GEARING RATIO measures the percentage of capital employed that is financed by debt and long term financing. The higher the gearing, the higher the dependence on borrowing and long term financing. Whereas, the lower the gearing ratio, the higher the dependence on equity financing. Traditionally, the higher the level of gearing, the higher the level of financial risk due to the increased volatility of profits. Financial manager face a difficult dilemma. Most businesses require long term debt in order to finance growth, as equity financing is rarely sufficient, on the other hand, the introduction of debt and gearing increases financial risk. A high gearing ratio is positive; a large amount of debt will give higher return on capital employed but the company dependent on equity financing alone is unable to sustain growth. Gearing can be quite high for small businesses trying to become established, but in general they should not be higher than 50%. Shareholders benefit from gearing to the extent that return on the borrowed money exceeds the interest cost so that the market values of their shares rise. Formula: Long Term Debt / Shareholders Equity.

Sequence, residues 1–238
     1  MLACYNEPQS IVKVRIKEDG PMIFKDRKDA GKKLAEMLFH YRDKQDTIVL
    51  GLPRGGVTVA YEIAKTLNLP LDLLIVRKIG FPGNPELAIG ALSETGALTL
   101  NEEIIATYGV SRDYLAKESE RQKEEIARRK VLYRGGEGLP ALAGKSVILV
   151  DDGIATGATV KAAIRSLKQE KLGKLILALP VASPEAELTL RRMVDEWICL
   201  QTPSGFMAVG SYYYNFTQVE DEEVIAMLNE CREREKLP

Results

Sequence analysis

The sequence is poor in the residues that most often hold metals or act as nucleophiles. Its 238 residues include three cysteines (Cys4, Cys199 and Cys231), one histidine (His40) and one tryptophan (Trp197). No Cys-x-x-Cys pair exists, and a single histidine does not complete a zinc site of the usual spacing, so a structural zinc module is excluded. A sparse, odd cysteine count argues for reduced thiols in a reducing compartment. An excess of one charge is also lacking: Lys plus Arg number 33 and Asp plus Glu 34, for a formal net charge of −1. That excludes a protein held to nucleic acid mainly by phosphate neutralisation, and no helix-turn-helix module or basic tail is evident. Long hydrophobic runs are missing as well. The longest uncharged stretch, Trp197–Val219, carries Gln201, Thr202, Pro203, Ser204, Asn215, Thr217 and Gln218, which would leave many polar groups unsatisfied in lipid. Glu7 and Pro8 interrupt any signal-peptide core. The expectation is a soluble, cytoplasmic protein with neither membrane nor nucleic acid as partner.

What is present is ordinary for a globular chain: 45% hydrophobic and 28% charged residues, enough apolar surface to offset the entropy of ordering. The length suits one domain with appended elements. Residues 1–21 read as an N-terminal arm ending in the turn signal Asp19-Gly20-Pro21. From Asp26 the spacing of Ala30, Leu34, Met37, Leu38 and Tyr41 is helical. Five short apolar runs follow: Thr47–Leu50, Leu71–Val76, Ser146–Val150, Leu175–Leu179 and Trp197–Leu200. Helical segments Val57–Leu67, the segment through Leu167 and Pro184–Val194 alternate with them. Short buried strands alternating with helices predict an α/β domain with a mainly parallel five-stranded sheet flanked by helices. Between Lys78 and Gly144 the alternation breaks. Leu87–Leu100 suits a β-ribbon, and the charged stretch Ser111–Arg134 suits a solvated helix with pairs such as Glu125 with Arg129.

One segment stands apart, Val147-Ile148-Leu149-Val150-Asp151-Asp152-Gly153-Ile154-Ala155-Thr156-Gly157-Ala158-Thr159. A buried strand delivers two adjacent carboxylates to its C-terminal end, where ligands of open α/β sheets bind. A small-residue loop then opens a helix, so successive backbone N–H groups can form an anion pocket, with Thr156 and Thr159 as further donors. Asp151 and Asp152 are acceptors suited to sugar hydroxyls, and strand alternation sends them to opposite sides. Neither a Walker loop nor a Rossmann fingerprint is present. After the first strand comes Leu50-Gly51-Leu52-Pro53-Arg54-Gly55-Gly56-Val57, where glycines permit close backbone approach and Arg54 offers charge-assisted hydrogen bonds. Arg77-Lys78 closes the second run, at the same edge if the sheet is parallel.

CMO see COLLATERALIZED MORTGAGE OBLIGATION.
SHARE APPLICATION MONEY is that money received by a company during an IPO. Payments received for a subscription of stock is normally received over the IPO life. For example: Widgets Limited has been registered with an authorized capital of $2,00,000 divided into 2,000 shares of $100 each of which, 1,000 shares were offered for public subscription at a premium of $5 per share, payable as:
For a total of $105/share
The amounts received would be carried as a current liability until such time as the stock is issued, then it would be considered as part of equity.
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